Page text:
Thank you for subscribing to the quarterly newsletter from the new Gloucestershire Energy from Waste Facility, now under construction at Javelin Park close to Junction 12 of the M5 at Gloucester. The project is part of a joint venture between Urbaser and Balfour Beatty and forms a key element of Gloucestershire’s waste and resource strategy to reduce, recycle and recover value from waste.
We’re making good progress on the foundations and groundworks, and the first phase of above-ground construction is scheduled for around July this year.
In addition to this quarterly community-based newsletter, we also publish regular construction update bulletins and attend regular Community Liaison Group meetings. To find out more about these, please visit our website at or for any queries please contact us directly: email or contact Ian Barber on 07785 955 675.
With best wishes,
Andrew Bendall,
Project Director

Work below ground nears completion
As of 1st April, we’ve almost completed our work below ground to prepare the site’s foundations. The first phase of foundation piling and excavation is ongoing, as the boiler house is excavated and the waste storage bunker groundwork continues to take shape. All of the concrete works, including the capping beams which sit above the piles, will offer support and strength for the main process plant and buildings of the Facility once complete.

With work below ground continuing, we expect above ground work to commence in July 2017 with the construction of the bunker. We will pour concrete 24 hours a day to complete this work, so please keep listening out for more project updates on this.
The major pieces of construction equipment currently on site comprise excavators and dump trucks, and mobile crawler cranes to move construction steel and other materials around the site.

Specialists work on-site from Spring 2017
We’re pleased to announce that thanks to work on our on-site accommodation, the Gloucestershire Energy from Waste Facility site now houses our contractors and our design, engineering and commercial teams. Bringing everyone together in our site cabins, with its own canteen and mess facilities means that our teams can work closely together on the build.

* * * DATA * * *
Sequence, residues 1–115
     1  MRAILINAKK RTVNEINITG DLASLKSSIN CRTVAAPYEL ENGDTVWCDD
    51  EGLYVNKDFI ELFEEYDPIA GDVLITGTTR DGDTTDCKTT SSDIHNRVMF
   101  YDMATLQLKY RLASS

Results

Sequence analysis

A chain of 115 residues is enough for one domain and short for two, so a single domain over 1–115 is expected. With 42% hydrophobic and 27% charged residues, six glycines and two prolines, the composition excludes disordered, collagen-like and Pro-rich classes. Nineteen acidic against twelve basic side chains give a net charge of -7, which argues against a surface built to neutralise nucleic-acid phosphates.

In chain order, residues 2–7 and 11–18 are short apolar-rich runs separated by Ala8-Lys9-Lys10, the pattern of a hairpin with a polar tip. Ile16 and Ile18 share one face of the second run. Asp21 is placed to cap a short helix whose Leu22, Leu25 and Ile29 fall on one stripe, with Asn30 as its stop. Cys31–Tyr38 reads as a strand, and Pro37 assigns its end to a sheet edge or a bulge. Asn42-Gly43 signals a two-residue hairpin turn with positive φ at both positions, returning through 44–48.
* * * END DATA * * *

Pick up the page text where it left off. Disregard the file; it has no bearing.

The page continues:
Community Liaison Group update
We continue to work with the Community Liaison Group as our build progresses. Recent meetings have focused on the progress Urbaser Balfour Beatty has made to date, with a six month forecast to inform the local community. Discussions are ongoing regarding the grid connection for the Facility with Stonehouse Town Council, Western Power and Gloucestershire County Council. We are hoping to ensure the best outcome, but no decision has been reached as yet.
At the end of March the CLG met for an update on construction, and as always we invite comment and feedback from the group. We are engaging in discussions about how the Facility will operate, and are in talks about arranging a possible visit for the group to a similar facility in Kidderminster.

In the spotlight
For each edition, we will be talking to one of Urbaser Balfour Beatty’s construction project team. This time it's Graduate Engineer Tom Scoltock.
When/ where did you graduate?
I graduated in civil engineering from Coventry University in November 2016.
Is this your first major job?
What is your main role?
To supervise and check the work carried out by subcontractors to ensure that tasks are performed correctly, safely and to time.
What do you enjoy most?
Being part of a good team.
What do you dislike the most?
Early morning starts.
Do you see your role as good experience?
Very much so. It is a steep learning curve, and whilst I haven’t yet picked on any particular engineering speciality, I’m enjoying the whole experience. It’s been a great start to my career.

How will the Facility generate electricity?
When waste is combusted on the furnace grate, a tremendous amount of energy is released. This energy heats water in a boiler – effectively a ‘jacket’ of steel tubes that surround the grate - to create high temperature steam. Under high pressure, this steam is piped to a turbine that drives an electricity generator, just like a conventional power station. When the steam has passed through the turbine it is recycled back into the boiler as hot water, and the power
generation process carries on continuously.

The facility will generate around 17.5 MW of power. After supplying the needs of the plant, some 14.5 MW of electricity will be supplied to the national grid. That is, enough power to supply half the residences of Stroud District. Because much of the incoming waste is organic in origin, like paper, wood and food wastes, we are able to class around 50% of the power generated as Renewable Energy.
For more information contact
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